What was supposed to be a few inches turned into six or more in the area, so the DPW wasn’t taking any chances when last Wednesday’s storm hit.
“A weather man is the only job you can be wrong all the time and not get fired,” an employee said to the room’s agreement at the DPW office.
Dan Maniery, street manager for the DPW, is in charge of it all. He’s manning the phones, trying to find out who can do what and how long they can do it for.
Plow operators and their wingmen don’t have specific times to work until, but consider their schedule to align with the weather. Which usually means working until it’s all cleared.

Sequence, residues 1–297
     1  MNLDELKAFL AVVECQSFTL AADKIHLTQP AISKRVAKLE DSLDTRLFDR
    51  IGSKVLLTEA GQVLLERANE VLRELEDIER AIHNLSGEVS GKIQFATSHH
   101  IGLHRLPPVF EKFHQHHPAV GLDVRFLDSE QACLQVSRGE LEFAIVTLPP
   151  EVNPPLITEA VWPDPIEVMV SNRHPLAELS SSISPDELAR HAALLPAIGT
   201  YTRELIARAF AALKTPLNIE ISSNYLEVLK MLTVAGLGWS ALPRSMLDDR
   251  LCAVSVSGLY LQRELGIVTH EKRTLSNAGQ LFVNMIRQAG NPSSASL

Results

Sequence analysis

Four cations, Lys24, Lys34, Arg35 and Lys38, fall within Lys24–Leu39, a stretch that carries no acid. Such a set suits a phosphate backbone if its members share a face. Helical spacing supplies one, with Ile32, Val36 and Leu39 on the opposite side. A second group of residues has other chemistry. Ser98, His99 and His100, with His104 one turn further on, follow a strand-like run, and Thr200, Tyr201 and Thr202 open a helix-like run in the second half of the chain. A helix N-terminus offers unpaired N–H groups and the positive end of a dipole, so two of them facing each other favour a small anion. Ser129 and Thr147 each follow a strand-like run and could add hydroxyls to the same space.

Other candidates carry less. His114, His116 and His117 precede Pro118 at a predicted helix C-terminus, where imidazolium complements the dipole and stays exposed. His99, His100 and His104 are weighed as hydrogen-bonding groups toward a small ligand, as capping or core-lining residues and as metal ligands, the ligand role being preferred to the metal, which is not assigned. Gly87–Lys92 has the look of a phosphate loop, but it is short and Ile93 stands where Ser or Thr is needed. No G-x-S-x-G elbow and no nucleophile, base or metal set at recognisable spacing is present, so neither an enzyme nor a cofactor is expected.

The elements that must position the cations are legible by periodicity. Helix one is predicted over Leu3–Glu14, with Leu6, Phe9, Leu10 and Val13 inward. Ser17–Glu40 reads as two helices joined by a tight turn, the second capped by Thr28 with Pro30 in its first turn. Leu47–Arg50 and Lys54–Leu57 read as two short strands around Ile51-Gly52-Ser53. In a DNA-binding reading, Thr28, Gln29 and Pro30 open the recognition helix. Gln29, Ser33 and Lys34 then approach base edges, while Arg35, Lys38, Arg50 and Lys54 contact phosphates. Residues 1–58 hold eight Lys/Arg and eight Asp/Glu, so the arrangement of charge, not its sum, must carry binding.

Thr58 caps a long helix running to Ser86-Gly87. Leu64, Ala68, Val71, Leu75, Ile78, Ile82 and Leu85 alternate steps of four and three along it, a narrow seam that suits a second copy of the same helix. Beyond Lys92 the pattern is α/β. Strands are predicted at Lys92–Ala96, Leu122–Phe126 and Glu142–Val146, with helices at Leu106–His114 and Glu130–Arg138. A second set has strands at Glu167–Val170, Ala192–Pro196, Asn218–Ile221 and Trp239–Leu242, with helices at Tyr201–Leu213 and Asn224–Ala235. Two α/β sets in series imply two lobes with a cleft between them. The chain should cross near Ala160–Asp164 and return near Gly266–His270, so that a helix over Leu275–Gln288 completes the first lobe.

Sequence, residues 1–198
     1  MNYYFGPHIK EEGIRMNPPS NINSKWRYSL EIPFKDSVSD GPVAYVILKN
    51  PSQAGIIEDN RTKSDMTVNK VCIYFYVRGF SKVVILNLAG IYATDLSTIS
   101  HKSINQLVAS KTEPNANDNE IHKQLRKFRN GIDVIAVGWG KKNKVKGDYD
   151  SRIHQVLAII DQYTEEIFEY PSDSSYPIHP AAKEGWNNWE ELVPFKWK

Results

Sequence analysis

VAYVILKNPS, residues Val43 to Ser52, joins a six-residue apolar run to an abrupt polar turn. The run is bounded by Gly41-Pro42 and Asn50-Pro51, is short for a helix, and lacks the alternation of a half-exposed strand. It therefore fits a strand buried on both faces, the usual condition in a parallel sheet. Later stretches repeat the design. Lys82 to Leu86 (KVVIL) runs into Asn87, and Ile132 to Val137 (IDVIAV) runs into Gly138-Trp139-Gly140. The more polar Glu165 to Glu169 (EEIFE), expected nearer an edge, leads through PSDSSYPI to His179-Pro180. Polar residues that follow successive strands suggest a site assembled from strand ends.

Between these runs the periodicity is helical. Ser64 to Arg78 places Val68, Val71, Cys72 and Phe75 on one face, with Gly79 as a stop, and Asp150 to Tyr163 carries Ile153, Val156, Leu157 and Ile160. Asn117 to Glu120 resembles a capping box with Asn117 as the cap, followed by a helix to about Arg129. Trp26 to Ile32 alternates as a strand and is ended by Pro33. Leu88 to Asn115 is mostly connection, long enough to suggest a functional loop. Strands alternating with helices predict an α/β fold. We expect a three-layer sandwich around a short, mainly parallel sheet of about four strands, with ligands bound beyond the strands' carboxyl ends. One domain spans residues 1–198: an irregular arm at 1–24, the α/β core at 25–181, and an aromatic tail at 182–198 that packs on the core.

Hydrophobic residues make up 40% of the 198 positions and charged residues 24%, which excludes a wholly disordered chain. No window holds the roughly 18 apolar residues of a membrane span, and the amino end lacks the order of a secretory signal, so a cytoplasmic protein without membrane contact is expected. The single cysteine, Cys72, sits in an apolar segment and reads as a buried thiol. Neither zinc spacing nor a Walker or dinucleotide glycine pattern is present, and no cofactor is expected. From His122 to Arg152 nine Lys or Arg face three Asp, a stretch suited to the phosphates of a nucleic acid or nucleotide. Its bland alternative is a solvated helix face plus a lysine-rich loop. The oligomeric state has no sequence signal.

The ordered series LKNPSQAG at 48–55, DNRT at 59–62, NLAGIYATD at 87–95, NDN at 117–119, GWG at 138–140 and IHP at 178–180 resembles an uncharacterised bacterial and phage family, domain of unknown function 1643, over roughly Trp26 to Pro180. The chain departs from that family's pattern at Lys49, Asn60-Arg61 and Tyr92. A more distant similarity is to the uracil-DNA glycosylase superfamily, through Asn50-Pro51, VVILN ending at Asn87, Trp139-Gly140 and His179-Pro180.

Maniery said at midnight they would get the trucks out on the streets and remove snow with blowers and dump trucks.
Pete Kelley, who’s worked for the department for 37 years, tries to find a balance between cleaning up snow and not blocking people in, but admits defeat when there’s sometimes no way around it.
He said when he finally gets off he, too, will have to dig his car out from a bank caused by plows.
Driving down Woodstock Avenue, Maniery spots an out-of-state car following closely behind a city plow.
“That’s too close,” he said. “If the plow were to hit something or have to stop suddenly that car would rear-end it.”
Cars and plows don’t always go together.
Kelley said he remembers a time when a car tried to pass him on the right side, which is typically where the snow is being offset.
When asked what the citizens could do to symbiotically travel with the plow, Maniery said simply, “Just don’t crowd it.”